- The Washington Times - Thursday, April 6, 2017

Late Wednesday night, as the Capitals trudged one by one into their locker room underneath the Verizon Center, not one player stopped to congratulate another for their win over the New York Rangers, which secured them the NHL’s best record for the second year in a row. There was certainly no champagne, and there was barely any celebrating.

“We only do that for five seconds, that’s it,” center Evgeny Kuznetsov said.

Had some lost soul passed by, (granted, such people don’t typically wander into NHL locker rooms, but suspend your disbelief momentarily) it would not have been apparent that the 23 players inside that room had just proven themselves to be hockey’s best for the second year running.

The Presidents' Trophy? Shrug.

“I don’t care about that,” Kuznetsov said.

In the same breath, however, Kuznetsov contradicted himself.

“Maybe it’s somewhere in the head when we think about that but we never talk about it,” he said. “Some guys [will] say they didn’t care, they lie. It’s always nice to win something.”

It’s true that most people enjoy winning, and getting a trophy that says you’ve consistently been better than your competition doesn’t exactly sound like a chore, right?

Wrong. At least according to Braden Holtby.

“The only nice thing about the Presidents' Trophy right now is that we [win] our division,” the Capitals’ goalie said. “The other stuff doesn’t really matter, just the way it played out. We have two more games and that’s to feed off these last three and go into the playoffs in the right frame of mind feeling good about our game.”

As you probably already know, the Presidents' Trophy comes with some extra baggage for the Capitals, who have been the best regular-season team in the NHL over the past decade but have little to show from it by way of playoff success.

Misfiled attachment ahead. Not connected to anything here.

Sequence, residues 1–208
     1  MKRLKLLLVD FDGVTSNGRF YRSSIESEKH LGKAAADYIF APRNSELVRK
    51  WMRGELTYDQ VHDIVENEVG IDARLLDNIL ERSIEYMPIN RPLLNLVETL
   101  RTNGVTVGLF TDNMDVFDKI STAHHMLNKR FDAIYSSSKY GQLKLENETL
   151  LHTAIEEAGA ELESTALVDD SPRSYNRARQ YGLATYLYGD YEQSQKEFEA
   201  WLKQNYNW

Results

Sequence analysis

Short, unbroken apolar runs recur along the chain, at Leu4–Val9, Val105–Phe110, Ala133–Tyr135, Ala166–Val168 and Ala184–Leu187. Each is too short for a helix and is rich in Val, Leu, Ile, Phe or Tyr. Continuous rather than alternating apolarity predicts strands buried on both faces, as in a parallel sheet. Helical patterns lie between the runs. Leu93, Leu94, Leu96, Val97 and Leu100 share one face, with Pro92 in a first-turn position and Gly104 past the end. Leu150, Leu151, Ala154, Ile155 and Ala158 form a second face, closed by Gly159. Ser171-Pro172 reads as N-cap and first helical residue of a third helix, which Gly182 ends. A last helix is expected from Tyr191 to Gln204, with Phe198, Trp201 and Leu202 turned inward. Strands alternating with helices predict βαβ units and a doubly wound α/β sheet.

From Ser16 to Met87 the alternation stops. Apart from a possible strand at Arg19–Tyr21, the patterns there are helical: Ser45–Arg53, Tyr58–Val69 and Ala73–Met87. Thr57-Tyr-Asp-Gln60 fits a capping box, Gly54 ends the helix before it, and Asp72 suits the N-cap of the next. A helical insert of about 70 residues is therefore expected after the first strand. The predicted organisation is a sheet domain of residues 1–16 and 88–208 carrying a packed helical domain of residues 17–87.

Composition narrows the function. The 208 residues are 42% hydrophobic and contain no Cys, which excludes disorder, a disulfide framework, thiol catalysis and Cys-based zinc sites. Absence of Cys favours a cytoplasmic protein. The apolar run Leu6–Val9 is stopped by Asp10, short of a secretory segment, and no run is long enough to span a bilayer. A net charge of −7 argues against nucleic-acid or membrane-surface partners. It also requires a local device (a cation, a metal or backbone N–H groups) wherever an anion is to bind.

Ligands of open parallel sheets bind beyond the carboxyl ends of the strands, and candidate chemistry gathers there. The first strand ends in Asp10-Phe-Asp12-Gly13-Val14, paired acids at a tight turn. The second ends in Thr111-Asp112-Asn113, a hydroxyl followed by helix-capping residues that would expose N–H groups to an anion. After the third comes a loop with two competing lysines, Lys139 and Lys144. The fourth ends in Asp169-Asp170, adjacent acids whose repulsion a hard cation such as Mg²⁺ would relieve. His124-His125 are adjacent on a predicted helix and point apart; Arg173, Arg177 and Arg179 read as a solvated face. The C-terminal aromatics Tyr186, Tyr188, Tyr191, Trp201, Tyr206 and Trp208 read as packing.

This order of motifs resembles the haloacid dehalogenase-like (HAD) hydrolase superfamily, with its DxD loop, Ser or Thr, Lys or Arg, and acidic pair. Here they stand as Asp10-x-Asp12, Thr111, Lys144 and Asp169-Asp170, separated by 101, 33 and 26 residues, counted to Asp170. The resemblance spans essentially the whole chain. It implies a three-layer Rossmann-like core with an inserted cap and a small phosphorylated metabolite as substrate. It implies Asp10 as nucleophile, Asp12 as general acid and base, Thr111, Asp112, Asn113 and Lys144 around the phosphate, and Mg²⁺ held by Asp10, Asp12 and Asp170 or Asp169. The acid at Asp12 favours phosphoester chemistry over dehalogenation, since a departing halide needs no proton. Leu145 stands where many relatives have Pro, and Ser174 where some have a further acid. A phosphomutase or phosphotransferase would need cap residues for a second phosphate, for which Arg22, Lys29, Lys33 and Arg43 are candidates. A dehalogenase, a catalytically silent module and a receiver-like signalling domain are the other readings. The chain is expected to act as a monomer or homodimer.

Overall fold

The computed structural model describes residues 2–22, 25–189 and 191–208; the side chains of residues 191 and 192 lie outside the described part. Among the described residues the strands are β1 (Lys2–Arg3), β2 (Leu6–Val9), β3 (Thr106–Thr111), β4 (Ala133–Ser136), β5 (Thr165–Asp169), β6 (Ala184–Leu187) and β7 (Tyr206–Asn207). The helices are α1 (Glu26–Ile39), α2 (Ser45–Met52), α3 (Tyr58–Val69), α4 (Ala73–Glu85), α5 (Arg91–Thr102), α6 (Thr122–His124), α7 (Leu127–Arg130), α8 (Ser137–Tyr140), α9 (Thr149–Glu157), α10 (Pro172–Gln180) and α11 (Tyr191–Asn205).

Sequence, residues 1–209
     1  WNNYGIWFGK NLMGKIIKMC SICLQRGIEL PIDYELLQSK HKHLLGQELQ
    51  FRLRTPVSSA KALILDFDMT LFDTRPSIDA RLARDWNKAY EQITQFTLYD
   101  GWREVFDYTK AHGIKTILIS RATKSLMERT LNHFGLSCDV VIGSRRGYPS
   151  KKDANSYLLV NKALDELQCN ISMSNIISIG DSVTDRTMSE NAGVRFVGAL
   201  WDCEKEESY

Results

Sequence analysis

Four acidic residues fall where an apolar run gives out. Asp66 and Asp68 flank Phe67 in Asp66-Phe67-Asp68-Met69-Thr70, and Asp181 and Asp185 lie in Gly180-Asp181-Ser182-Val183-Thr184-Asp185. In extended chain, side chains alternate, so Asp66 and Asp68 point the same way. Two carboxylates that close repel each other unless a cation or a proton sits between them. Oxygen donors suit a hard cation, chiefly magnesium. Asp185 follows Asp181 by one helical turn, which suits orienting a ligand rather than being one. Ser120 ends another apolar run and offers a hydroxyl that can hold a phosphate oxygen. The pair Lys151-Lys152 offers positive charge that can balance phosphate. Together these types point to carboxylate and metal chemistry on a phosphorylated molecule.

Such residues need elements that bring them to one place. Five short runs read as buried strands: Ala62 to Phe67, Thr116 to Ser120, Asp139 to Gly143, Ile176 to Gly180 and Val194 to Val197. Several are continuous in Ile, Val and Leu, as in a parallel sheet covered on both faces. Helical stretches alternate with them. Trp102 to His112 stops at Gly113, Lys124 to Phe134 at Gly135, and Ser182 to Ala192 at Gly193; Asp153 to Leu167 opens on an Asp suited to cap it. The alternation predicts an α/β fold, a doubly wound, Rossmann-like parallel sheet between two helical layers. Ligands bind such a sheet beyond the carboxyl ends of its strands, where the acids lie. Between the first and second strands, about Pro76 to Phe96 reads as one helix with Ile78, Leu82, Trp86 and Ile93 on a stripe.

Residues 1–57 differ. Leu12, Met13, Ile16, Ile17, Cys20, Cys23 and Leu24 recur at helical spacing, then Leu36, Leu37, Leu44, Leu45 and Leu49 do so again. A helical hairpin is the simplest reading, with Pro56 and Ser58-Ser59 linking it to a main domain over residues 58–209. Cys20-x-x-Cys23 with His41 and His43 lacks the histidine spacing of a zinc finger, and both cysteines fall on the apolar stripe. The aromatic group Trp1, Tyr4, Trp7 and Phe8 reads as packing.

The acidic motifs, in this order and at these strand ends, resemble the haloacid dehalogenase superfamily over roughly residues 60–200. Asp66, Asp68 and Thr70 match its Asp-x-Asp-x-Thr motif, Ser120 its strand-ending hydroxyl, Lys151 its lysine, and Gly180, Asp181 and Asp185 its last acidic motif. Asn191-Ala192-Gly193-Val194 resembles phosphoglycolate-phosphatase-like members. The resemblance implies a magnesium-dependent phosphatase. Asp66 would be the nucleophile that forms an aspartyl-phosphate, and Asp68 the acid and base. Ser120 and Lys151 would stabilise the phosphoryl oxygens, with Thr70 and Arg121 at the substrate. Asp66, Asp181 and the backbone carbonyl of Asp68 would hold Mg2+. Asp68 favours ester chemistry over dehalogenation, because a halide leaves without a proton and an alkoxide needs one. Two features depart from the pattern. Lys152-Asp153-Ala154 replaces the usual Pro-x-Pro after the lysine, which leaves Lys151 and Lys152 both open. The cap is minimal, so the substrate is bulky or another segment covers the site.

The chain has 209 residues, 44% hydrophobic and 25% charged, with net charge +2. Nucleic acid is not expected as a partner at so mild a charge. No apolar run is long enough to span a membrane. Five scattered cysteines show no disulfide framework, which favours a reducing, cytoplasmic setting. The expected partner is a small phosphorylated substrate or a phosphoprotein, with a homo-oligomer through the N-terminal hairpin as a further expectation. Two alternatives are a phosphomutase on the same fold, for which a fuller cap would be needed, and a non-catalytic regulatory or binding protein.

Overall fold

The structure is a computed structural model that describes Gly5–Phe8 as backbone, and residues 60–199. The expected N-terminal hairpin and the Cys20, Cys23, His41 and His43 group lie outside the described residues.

This is why Kuznetsov’s contradiction actually makes sense. It’s fun to win things, but a little less fun when what you win is basically a shiny reminder of the monkey on your back.

Securing the best record in the NHL does come with tangible benefits: home ice in the playoffs and the schedule of a No. 1 seed.

“I think we knew what was going on, but it was more about the playoff situation,” Holtby said. “You obviously want to not play either Pittsburgh or Columbus in the first round, but in the end it doesn’t matter. You got to go through good teams, and hopefully this just gives us a little bit more of an advantage.”

Winning also tends to make everything else go smoothly, a byproduct the Capitals have enjoyed for some time now.

“In the morning you come to the practice, you have positive mood. It’s always nice when you win couple games when you’re on top of the league,” Kuznetsov said. “When you practice, you can feel more confident in the group and the guys just smile and enjoy the life. It’s just nice to come every morning.”

Last season, however, it looked as though the Capitals succumbed to some of the pitfalls of success.

They clinched the Presidents' Trophy on March 28 last year with seven games still remaining in the regular season. Having already clinched the Metropolitan Division and Eastern Conference titles they had nothing left to play for, and went 2-2-3 down the stretch.

The Capitals then cruised through the first round of the playoffs before losing to the eventual-Stanley Cup Champion Pittsburgh Penguins in the second.

Over the past couple weeks, Capitals coach Barry Trotz has said repeatedly that the Presidents' Trophy won’t be brought up in the locker room, and followed through Wednesday night.

“We didn’t mention it,” Trotz said. “All I said was, ‘Good work by us.’”

Trotz also said he’s noticed his team playing more physically over the last several games games and that, overall, the players have more focus and urgency than at this time last season.

“It feels like it, that’s for sure,” Trotz said. “Last year, we just went through it. This year we’re competing.”

The Capitals play the Bruins on Saturday and then host the Panthers on Sunday in the final game of the regular season. If they make it out of the first round of the playoffs, the quirks of the postseason format could pit them against the Penguins in the second round yet again.

That matchup that would force one of the league’s best teams to go home before round three so, all things considered, the No. 1 seed only goes so far. If the Capitals want a trophy they can get a bit more excited about, they will just have to go farther.

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